Greater thermal mass would also take much longer to heat but also to cool, making it possible to radiate warmth well into the night and keep a house cool well into the day. And materials can be played against one another – low retention, low conductivity wood painted white, vs high retention and moderately conductive stone, vs highly conductive and low retention steel, to create truly designer passive solar effects.
Taking this into consideration, here’s one application of passive solar in a “permaculture structure” with multiple functions in the diagram below. This is based on solar updraft tower technology, and this specific set of diagrams takes the fuel-free energy-generation Botswana Solar Updraft test facility, which ran in 2007, as the starting point. (Their experiment documentation here).
While their small test tower would probably not generate much power, with the right combination and density of materials, its performance might improve dramatically without an increase in size. This at the very least would make a great project for the 2012 festival circuit, and it could become a model for community-scale free energy generation, desert-greening and even seed spreading and vertical habitat building… all at once. (I actually have less interest in really huge industrial versions of this structure 800 meters tall, which require industrial-scale funding, a corporate building approach, and which could have adverse effects on the earth’s atmosphere – think jets of our precious air superheated and streaming into space)
On a more immediate note I also now know why the Sugar Shack roof garden is frying, and we can do something about it. The first of the new tire planters has already been painted white, as of about 4 pm today.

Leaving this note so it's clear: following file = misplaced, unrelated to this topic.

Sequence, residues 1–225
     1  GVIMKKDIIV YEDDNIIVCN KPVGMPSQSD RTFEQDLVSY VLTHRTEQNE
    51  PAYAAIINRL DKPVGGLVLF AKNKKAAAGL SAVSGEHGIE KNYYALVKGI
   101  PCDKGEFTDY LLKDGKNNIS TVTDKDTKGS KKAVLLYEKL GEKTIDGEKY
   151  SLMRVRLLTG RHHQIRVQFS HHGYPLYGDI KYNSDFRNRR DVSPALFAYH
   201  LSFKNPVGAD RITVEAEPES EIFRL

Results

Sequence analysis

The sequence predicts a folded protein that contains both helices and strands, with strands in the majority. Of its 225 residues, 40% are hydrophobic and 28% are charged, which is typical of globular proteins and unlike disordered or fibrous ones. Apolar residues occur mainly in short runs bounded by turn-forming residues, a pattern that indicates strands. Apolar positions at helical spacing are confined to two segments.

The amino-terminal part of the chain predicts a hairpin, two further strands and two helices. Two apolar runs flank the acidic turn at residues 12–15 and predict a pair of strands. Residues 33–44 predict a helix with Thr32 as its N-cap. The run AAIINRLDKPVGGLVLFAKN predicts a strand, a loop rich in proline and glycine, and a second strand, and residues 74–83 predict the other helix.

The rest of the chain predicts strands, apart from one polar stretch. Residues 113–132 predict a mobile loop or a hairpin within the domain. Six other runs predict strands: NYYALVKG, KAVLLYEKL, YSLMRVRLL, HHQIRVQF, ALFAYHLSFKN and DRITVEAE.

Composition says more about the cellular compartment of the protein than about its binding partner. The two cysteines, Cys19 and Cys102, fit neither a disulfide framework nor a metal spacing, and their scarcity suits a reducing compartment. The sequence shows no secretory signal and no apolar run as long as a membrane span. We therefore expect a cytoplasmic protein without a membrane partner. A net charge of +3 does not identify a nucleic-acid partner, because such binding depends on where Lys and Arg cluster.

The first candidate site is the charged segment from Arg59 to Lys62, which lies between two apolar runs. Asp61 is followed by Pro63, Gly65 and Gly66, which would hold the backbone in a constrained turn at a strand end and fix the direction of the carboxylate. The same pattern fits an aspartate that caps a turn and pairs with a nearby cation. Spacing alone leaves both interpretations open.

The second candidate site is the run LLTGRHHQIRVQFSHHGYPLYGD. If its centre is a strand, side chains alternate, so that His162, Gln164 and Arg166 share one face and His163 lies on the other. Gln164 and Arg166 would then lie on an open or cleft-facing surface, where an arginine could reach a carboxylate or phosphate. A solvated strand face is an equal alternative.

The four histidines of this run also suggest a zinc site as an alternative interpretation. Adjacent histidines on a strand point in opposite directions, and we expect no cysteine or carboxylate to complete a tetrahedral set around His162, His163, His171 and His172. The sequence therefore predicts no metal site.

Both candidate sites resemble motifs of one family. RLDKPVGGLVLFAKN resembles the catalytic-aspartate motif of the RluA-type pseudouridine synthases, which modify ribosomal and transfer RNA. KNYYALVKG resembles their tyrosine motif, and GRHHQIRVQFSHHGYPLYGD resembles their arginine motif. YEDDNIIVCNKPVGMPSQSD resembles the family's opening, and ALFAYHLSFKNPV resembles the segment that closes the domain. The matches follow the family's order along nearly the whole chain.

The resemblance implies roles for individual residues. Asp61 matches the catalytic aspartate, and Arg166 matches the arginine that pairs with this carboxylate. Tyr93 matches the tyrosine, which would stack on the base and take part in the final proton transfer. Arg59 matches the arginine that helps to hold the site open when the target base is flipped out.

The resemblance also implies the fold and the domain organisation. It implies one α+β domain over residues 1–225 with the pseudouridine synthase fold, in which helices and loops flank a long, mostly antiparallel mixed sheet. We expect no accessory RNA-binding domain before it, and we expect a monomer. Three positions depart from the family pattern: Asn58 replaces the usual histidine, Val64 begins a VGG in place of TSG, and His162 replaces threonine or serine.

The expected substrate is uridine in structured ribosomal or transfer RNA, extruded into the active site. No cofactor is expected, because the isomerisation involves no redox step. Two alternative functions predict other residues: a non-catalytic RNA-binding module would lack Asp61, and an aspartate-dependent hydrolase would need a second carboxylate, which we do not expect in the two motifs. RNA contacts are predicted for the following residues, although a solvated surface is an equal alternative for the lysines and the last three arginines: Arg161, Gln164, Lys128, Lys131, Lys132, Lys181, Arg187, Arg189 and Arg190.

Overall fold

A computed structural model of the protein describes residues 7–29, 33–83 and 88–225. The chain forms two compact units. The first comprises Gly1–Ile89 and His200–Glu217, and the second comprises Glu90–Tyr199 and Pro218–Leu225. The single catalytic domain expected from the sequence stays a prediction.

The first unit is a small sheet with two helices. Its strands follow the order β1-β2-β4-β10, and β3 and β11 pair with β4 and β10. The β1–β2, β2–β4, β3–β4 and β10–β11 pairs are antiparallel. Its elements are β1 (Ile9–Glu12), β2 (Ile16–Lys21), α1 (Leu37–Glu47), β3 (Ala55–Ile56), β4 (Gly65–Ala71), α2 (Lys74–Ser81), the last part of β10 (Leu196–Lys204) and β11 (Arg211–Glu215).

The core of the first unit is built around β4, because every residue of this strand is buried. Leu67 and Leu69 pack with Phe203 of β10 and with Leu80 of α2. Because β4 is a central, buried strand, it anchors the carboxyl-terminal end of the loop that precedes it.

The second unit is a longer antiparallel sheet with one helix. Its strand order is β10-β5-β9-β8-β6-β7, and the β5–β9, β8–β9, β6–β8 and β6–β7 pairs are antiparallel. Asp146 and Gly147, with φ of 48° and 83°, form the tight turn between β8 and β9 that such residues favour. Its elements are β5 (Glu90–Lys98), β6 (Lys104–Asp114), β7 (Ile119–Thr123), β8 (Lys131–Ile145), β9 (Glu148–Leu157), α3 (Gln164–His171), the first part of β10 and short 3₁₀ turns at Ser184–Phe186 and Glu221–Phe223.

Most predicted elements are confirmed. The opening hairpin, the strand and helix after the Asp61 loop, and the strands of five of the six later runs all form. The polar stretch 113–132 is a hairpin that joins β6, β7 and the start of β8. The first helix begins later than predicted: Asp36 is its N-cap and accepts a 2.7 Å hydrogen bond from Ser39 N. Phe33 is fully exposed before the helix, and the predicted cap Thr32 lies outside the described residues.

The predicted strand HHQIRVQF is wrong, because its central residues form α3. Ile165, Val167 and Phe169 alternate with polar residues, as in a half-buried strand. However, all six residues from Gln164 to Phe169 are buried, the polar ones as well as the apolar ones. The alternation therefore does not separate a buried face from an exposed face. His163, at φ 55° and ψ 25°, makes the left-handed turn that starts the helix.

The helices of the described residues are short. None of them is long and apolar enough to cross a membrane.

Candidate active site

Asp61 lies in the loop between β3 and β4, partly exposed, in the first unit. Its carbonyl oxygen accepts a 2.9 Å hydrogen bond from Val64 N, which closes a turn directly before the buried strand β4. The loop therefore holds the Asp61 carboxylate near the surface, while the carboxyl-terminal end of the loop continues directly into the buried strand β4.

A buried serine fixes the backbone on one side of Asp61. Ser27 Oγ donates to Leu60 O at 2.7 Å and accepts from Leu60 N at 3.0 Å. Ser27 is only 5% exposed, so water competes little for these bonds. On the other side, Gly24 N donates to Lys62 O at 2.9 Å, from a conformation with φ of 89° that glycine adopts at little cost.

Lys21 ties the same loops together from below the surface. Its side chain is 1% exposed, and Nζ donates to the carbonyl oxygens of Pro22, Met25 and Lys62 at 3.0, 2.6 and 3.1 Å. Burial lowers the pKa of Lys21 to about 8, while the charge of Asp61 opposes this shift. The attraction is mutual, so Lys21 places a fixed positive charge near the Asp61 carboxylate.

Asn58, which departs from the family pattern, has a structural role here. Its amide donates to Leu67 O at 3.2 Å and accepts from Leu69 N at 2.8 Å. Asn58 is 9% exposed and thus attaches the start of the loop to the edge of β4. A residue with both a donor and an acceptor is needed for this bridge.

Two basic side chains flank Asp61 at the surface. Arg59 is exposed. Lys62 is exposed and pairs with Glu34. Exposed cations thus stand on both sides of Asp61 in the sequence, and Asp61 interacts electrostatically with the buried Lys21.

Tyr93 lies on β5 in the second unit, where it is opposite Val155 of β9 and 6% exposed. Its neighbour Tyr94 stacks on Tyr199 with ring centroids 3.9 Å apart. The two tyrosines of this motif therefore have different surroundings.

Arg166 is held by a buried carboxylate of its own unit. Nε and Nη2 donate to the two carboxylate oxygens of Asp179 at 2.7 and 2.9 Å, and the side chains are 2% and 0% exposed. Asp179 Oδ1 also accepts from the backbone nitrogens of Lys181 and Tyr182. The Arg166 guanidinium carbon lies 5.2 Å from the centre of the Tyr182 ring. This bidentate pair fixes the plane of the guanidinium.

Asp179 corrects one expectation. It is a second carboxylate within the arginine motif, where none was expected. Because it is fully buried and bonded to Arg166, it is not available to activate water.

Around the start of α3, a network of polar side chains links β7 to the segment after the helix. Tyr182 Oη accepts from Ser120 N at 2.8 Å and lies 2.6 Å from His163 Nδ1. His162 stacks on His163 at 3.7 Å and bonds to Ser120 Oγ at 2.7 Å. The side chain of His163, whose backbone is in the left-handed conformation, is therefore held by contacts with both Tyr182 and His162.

Well, I spent the last week and a half building a pergola for Vertecology’s first private residential client. This was an exciting milestone personally and for Vertecology, the name inspired by “Vertical Ecology,” though going with the “e” instead of the “i,” has turned out to be quite the creative inspiration.
Through Vertecology I am committed to the permaculture principles and one of those principles is “stacking functions.” That means making each element you design produce lots of abundance for the whole – the ecosystem, people, the community and the planet. For example a tree provides shade, habitat for lots of plants and animals, mulch and building materials. It fertilizes and stabilizes the soil, raises the water table, creates diverse microclimates supporting biodiversity, and keeps moisture in the locale (the trees are responsible for as much as 50% of the rain that forest regions receive).
A pergola or patio structure like this if well designed, placed, and planted can aspire to that level of multi-dimensional function. At the very least it can do lots more than look pretty, and that said, I still look forward to photos of this one in a year or two.
First and foremost in the client’s mind was beauty, and shade and enjoyment in the warm months. The lady of the house is looking forward to warm-weather entertaining.
And yet this pergola will mean more than 300 new square feet of growable surface area for oxygen-producing, flowering vines. Structures like this and some much wilder ones in the works are one way to make small urban and suburban yards, nooks and crannies unique, compelling and ecologically productive.
Covered with vines that leaf in the warm months, this pergola will shade the west (back) wall of the house in the afternoon, helping to keep the house cool with less air conditioning. In winter the afternoon sun will shine through much thinner foliage from a lower angle, warming the rear wall and therefore the rest of the house with less electric heating.